2. The creation of exemptions from in person consular interviews, which are replaced by video conferences.
  3. The creation of a healthcare worker EVUS/ESTA type pre-registration to minimize biometric intake and security secondary checks, unless further security review is required based on the initial pre-registration. This process could include a voluntary biometric intake with countries agreeing to data sharing with the U.S., which is already in existence for many countries.
  4. The creation of follow-up audits regarding registered healthcare providers to reduce fraud or compliance concerns and provide oversight.
  5. The creation of healthcare worker hotlines for submitting reports to government agencies as to alleged compliance violations.
  6. The creation of more Schedule A healthcare worker occupations for critical positions along with streamlined processing.
  7. The enhancement of options for foreign nationals to be approved for expedited immigrant visa allocations for those filling critical research and healthcare positions.
  8. The funding of expedited processing and reduced costs for necessary Visa Screen Certificates for affected foreign national healthcare workers.
  9. The expedited processing of employment authorization documents by USCIS for any healthcare worker, or for that matter, a waiver of the employment authorization document for any healthcare worker with a pending adjustment of status application.
  10. A waiver of visa/petition filing fees (or a reduction) for critical healthcare workers during any designated national healthcare crisis.
  11. The creation of a program along the lines of “healthcare workers without borders” to be activated during a global healthcare crisis to allow pre-registration and tracking globally with participating nations to reduce and streamline visa application and admission requirements.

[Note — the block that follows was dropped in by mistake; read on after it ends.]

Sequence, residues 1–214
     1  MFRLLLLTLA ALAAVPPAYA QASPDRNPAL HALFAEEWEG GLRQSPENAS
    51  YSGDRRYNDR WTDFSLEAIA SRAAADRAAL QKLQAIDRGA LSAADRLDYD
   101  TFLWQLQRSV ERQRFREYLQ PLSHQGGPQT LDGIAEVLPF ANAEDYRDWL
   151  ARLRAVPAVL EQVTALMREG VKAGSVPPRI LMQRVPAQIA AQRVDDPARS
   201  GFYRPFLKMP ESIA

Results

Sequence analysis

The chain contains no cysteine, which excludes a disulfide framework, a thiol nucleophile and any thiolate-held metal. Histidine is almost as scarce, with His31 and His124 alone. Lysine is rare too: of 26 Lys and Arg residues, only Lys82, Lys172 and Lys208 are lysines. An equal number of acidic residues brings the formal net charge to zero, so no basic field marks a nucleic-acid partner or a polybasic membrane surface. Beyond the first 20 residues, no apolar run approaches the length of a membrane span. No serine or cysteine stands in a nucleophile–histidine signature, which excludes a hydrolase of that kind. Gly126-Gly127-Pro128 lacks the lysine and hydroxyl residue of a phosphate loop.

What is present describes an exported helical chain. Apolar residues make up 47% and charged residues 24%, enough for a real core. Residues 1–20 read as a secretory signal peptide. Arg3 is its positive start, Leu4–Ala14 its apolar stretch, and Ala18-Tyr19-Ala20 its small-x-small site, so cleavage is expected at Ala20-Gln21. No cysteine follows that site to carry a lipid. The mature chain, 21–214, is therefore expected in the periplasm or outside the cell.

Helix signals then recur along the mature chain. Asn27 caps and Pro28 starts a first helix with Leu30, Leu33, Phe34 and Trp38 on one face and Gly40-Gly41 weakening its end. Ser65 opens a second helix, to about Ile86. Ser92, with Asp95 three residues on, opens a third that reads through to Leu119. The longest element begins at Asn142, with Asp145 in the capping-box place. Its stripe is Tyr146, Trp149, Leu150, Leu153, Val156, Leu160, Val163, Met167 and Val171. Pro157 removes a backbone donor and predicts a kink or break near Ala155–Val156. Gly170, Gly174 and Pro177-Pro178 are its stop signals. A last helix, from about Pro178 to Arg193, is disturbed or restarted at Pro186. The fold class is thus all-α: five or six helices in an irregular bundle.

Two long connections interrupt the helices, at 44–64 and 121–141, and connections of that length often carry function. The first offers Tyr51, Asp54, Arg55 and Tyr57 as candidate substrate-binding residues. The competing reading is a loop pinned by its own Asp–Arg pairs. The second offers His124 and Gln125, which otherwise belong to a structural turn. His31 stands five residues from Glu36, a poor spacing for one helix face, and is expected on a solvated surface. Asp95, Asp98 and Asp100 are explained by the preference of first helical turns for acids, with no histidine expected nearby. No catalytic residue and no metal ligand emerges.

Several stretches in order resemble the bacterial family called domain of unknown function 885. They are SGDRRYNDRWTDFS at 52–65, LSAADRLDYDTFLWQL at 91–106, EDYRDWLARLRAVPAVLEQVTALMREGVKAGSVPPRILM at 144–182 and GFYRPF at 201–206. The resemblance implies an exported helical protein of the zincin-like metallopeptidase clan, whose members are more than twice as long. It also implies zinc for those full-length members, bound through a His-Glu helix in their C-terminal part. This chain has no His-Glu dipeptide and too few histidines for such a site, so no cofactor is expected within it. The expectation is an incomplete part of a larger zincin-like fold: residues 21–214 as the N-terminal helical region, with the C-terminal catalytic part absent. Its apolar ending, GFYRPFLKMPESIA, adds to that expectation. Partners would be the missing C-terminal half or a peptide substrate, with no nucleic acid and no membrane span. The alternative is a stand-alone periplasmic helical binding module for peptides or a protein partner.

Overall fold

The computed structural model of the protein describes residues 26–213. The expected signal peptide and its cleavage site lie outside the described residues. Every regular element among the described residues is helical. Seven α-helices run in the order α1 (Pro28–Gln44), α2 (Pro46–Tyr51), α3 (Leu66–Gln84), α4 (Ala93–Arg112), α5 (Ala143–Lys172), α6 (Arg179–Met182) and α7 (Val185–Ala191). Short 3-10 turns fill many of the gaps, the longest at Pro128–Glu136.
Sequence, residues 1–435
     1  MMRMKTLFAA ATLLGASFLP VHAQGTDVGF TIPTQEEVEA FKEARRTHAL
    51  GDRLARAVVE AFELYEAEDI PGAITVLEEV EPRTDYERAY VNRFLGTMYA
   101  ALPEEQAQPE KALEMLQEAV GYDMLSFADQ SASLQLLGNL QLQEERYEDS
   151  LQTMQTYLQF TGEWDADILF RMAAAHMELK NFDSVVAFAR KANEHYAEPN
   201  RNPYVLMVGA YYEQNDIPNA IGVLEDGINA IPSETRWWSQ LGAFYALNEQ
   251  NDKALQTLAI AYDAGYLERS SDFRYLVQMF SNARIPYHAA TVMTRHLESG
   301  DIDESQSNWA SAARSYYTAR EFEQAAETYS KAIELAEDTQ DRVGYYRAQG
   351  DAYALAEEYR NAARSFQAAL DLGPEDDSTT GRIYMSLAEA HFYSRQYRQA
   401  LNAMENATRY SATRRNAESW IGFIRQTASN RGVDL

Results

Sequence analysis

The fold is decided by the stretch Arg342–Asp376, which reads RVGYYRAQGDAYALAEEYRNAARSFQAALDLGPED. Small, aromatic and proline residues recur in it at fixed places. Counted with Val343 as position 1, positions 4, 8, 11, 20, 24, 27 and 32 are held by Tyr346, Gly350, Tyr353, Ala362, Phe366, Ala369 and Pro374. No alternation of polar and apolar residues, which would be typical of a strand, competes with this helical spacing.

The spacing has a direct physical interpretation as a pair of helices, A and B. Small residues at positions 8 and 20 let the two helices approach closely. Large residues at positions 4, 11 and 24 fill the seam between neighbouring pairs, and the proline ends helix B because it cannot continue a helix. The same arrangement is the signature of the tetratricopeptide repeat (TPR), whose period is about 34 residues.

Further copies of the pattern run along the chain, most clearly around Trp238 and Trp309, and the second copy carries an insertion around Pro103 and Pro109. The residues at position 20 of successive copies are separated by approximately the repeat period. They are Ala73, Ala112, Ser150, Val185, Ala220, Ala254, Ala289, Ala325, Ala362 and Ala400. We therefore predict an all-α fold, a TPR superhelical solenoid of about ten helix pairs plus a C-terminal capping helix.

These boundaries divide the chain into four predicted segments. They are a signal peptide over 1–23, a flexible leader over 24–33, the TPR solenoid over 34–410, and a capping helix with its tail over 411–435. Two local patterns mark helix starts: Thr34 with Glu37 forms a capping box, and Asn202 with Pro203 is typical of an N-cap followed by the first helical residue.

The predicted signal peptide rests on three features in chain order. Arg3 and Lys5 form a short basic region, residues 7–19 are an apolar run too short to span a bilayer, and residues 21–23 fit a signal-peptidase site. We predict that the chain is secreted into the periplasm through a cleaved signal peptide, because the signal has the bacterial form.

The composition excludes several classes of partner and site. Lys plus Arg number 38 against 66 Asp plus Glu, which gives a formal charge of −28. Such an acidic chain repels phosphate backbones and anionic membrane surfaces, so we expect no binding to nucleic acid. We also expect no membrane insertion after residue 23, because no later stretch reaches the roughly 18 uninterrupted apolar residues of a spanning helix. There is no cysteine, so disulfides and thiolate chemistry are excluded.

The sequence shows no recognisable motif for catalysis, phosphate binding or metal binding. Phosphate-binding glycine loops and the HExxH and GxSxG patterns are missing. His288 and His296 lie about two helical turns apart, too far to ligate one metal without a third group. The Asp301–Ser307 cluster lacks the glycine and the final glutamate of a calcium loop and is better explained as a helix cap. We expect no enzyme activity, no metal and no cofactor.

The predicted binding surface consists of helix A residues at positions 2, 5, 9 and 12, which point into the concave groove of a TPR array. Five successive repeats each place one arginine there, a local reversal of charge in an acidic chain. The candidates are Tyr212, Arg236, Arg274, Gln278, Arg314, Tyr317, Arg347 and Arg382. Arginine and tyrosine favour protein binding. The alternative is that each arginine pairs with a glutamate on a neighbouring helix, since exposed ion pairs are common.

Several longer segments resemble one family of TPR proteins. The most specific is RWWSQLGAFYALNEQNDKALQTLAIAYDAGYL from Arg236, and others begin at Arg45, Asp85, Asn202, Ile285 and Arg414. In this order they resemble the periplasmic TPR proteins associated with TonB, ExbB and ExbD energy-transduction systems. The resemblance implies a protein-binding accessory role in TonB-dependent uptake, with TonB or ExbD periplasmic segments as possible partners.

12. Resurrect and improve nonimmigrant visa options for healthcare workers. We have had H-1A and H-1C visa categories in the past for nurses, which have been allowed to lapse. Why not create a strategic healthcare based nonimmigrant category to address a variety of identified healthcare shortage needs and include mental health as well?  For that matter, expand it to address our veterinary shortages as well.
  13. The reduction of processing times for any healthcare worker for visa related benefits, who serves a critical care function during the pandemic. Perhaps, we could call it an immigration thank you to our healthcare heroes.

We would all benefit from the creation of a cutting edge solution for our future by connecting the dots between our immigration laws and policies, our national educational system, and our critical healthcare shortages.  We certainly do not want to waste this lesson from the pandemic by failing to implement and create immigration solutions for our healthcare industry.

This article was originally published in Healthcare Michigan, July 2021.

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Health Care | Immigration

About the Author:

Kathleen Campbell Walker is a member of Dickinson Wright PLLC and serves as a co-chair of the Immigration Practice Group. She is a former national president and general counsel of the American Immigration Lawyers Association (AILA) and is Board Certified in Immigration and Nationality Law by the Texas Board of Legal Specialization.  She serves on the AILA Board of Governors.  In 2014, she received the AILA Founder’s Award, which is awarded from time to time to the person or entity, who has had the most substantial impact on the field of immigration law or policy in the preceding period (established 1950).  She has testified several times before Congress on matters of immigration policy and border security.